An investigation into what's behind a huge increase in mid-air collisions and near misses by trainee pilots can't say if safety has got worse, because Civil Aviation hasn't been collecting enough information.
The Transport Accident Investigation Commission (TAIC) launched an inquiry prompted by figures that show 16 people died in 10 training flights between 2000 and 2011, compared to four deaths from four flights in the previous decade.
The pilot training industry has increased significantly in the last 10 years with tens of thousands more hours spent in the air.
The commission's chief investigator, Tim Burfoot, told Checkpoint it's impossible to tell if safety at the schools is better or worse because the data simply isn't there.
Mr Burfoot says the lack of information recorded by the Civil Aviation Authority (CAA) is concerning.
"If something changed and a problem started to emerge with the previous gathering of data or lack of, we wouldn't actually know that until we started seeing accidents whereas ideally we would like to see that trend so the regulator can then put measures in place to prevent the accident."
The CAA says it has brought in extra staff to help it gather information to figure out whether pilot training is getting worse.
But director Graeme Harris told Checkpoint it won't have any answers for another few years.
"We've already started to build the human resource so we've got additional safety analysts on board and we're building the new IT systems over the next couple of years and works already underway in that regard."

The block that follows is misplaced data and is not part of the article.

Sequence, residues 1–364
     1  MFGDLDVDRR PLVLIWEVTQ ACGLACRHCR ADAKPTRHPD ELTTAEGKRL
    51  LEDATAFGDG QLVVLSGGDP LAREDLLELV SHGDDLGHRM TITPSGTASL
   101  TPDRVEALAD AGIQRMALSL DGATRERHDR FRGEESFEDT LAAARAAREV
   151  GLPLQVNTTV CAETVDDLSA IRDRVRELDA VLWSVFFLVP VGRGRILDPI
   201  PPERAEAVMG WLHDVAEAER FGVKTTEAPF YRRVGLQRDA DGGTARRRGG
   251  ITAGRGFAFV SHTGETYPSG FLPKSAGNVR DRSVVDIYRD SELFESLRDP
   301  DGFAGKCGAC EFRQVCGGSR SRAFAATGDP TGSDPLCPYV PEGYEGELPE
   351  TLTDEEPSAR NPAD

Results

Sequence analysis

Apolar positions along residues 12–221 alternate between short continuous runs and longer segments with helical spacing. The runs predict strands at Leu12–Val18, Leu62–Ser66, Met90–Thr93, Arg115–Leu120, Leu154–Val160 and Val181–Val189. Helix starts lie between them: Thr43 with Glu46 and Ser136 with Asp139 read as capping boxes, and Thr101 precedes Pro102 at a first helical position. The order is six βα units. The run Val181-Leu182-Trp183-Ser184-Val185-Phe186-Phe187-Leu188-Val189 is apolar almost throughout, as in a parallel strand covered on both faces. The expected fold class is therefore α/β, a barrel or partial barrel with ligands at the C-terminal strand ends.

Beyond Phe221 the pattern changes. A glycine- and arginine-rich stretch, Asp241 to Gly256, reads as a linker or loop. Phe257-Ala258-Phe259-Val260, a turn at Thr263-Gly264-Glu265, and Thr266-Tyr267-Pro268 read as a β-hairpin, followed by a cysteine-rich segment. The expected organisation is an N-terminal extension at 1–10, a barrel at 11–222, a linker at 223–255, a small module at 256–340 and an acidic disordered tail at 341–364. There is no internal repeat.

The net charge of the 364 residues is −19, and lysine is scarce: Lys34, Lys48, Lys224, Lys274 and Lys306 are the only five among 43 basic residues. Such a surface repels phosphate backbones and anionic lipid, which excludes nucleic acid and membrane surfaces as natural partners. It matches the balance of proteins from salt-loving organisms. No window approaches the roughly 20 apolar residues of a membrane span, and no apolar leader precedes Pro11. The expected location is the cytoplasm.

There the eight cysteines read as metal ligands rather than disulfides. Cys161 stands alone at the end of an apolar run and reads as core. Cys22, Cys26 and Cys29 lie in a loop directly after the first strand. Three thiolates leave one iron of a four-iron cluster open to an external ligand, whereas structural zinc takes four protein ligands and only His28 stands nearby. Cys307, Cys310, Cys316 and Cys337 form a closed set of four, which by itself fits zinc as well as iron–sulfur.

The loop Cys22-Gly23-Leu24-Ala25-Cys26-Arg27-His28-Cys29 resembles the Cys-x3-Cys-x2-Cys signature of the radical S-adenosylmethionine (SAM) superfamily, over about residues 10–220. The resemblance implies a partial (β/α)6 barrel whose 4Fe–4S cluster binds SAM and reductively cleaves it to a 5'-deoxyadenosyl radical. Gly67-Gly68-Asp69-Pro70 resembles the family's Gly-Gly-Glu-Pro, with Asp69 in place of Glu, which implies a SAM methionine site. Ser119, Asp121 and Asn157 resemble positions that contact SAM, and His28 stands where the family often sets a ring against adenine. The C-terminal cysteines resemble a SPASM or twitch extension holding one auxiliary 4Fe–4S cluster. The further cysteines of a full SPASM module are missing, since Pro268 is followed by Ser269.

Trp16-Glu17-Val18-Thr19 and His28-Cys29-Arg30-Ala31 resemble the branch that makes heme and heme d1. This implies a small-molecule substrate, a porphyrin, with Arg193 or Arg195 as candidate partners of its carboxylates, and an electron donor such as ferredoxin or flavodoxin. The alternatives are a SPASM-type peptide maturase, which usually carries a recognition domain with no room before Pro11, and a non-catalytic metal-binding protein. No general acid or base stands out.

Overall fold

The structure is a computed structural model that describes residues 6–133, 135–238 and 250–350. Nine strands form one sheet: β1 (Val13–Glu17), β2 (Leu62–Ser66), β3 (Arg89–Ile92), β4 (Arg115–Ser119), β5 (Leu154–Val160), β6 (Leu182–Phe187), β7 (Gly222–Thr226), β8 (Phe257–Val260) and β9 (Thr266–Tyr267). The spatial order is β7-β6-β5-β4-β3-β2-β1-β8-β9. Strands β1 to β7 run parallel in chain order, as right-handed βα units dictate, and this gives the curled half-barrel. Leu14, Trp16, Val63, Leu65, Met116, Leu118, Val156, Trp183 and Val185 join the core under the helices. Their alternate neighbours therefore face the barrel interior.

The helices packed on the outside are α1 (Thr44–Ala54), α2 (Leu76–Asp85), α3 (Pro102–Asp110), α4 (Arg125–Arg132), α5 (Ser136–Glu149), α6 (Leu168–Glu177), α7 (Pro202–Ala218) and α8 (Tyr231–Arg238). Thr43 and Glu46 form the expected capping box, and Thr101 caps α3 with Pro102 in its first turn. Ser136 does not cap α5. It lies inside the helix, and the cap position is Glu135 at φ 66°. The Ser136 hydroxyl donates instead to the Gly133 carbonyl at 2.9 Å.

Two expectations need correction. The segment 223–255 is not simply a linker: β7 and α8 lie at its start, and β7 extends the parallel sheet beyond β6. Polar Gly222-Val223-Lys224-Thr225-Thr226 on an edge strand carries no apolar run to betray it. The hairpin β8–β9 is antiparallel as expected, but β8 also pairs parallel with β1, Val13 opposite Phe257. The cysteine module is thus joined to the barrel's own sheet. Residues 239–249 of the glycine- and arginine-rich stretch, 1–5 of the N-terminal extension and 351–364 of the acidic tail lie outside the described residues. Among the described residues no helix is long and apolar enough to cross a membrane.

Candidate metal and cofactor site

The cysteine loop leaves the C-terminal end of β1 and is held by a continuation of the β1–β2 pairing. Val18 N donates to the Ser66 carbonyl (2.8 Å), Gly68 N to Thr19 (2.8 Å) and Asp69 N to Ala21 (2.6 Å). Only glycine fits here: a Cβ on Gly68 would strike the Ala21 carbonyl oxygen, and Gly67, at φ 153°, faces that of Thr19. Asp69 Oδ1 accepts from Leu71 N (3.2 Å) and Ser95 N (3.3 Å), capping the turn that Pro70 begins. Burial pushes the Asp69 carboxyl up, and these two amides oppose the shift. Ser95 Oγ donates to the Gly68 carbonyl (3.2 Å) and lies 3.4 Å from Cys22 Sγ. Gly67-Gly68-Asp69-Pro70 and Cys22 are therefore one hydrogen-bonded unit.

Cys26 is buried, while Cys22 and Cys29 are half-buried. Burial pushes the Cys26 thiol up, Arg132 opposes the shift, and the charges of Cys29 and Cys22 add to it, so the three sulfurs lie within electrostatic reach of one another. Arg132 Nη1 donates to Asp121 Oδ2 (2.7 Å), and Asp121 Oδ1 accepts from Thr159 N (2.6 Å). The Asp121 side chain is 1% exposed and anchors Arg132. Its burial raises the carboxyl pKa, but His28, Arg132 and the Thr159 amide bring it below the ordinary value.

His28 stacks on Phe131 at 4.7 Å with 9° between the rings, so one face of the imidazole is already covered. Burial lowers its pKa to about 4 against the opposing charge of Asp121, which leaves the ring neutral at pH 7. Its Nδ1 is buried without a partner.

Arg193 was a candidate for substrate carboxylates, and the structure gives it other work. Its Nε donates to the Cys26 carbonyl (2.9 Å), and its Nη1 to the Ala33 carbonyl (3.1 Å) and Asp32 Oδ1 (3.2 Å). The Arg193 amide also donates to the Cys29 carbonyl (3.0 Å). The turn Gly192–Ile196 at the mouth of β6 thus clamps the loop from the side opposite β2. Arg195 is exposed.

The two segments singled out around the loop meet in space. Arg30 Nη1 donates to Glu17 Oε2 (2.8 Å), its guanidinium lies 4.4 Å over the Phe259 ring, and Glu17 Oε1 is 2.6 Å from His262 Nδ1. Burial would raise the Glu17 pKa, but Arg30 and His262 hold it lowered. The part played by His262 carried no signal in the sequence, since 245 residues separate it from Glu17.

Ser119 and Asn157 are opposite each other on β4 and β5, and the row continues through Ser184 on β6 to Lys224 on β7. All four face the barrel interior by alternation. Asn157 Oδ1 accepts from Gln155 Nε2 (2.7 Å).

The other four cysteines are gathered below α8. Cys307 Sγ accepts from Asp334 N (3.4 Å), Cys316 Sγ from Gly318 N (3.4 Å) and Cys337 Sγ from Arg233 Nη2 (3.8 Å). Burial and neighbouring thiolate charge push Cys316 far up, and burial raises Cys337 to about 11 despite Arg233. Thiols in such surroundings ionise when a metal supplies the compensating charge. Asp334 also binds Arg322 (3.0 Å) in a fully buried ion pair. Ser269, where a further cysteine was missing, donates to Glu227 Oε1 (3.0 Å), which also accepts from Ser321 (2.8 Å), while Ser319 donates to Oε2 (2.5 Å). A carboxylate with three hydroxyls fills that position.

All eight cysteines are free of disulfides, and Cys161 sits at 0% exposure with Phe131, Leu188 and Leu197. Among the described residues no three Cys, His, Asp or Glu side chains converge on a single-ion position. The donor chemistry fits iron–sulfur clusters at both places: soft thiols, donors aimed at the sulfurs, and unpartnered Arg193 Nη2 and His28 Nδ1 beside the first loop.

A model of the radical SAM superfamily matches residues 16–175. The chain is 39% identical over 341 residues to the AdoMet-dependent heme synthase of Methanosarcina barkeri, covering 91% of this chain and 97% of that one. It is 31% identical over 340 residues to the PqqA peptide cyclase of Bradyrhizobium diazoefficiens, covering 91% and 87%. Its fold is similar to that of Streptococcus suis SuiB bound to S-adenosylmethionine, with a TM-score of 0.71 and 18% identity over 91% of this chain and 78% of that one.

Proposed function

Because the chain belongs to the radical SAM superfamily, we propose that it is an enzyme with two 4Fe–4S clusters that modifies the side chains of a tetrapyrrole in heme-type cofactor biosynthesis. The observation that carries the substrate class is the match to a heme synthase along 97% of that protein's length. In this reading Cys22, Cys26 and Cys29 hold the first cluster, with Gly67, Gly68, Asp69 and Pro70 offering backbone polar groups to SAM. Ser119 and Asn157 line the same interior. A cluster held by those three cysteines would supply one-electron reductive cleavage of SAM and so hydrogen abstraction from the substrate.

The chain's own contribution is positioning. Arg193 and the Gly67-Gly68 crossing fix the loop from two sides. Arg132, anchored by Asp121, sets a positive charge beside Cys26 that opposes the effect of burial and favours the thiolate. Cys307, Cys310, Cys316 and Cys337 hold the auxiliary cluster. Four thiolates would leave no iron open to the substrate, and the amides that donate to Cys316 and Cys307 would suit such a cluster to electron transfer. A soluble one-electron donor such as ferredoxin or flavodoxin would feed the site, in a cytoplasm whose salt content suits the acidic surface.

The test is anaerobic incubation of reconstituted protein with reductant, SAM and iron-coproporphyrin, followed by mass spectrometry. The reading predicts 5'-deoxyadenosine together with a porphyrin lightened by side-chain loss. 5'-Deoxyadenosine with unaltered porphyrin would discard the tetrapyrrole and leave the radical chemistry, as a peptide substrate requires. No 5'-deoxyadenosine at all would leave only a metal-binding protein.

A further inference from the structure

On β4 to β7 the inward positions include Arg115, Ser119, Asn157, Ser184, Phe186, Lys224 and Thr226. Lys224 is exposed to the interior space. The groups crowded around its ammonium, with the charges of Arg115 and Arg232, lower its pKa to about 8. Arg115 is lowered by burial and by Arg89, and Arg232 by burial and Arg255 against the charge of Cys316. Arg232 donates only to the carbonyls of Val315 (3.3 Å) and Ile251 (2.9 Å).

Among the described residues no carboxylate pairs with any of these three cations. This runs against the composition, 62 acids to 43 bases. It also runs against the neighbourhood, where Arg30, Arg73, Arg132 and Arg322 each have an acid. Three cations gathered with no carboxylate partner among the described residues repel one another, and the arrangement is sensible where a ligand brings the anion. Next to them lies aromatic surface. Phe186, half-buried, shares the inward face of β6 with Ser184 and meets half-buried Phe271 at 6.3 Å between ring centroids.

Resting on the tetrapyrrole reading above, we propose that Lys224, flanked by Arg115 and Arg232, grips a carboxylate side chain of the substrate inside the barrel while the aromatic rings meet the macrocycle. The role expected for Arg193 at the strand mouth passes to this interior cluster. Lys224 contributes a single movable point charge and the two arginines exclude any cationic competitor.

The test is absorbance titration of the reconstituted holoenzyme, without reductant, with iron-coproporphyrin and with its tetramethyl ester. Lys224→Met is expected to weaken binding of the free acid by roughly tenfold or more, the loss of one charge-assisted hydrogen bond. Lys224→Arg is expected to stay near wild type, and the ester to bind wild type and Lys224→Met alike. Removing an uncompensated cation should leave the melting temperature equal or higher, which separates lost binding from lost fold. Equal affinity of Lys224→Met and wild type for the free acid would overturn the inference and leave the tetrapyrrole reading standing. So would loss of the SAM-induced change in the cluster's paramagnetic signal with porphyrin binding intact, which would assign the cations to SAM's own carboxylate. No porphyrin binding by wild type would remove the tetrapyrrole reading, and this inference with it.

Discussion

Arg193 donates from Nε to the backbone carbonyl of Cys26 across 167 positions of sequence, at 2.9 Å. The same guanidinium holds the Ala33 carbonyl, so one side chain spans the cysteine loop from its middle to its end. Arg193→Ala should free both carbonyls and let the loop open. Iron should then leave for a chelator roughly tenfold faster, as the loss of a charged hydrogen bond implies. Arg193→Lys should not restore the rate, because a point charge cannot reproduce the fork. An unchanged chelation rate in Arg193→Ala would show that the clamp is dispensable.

A public inquiry into the incidents is due to finish in September.
Language concerns - report
A report on a double fatality above Feilding has called for an investigation into English language skills among foreign trainee pilots.
It is concerned poor language skills might mean trainee pilots do not understand messages on their cockpit radio but says there is insufficient data available to settle this, and wants research done.
A collision killed the student and instructor of one plane over Feilding in July 2010. The pilot of the other successfully crash-landed.
One of the pilots was a foreign national. The report does not single him out but says neither he nor the occupants of the other plane heard, or understood, vital radio communication before the crash.
TAIC investigator Ian McClelland says the crash was caused by a one-off failing.
He says both pilots issued radio transmissions about flight plans before the crash and if they had responded to the calls and kept a proper lookout they could have taken avoiding action.
The commission says generally fatality rates in New Zealand are no worse than in Australia and the United States.